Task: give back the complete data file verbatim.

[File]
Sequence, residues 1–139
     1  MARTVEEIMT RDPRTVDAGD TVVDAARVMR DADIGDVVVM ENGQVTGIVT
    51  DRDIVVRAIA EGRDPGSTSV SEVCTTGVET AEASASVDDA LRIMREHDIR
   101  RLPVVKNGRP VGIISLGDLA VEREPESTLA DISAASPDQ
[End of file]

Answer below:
Sequence, residues 1–139
     1  MARTVEEIMT RDPRTVDAGD TVVDAARVMR DADIGDVVVM ENGQVTGIVT
    51  DRDIVVRAIA EGRDPGSTSV SEVCTTGVET AEASASVDDA LRIMREHDIR
   101  RLPVVKNGRP VGIISLGDLA VEREPESTLA DISAASPDQ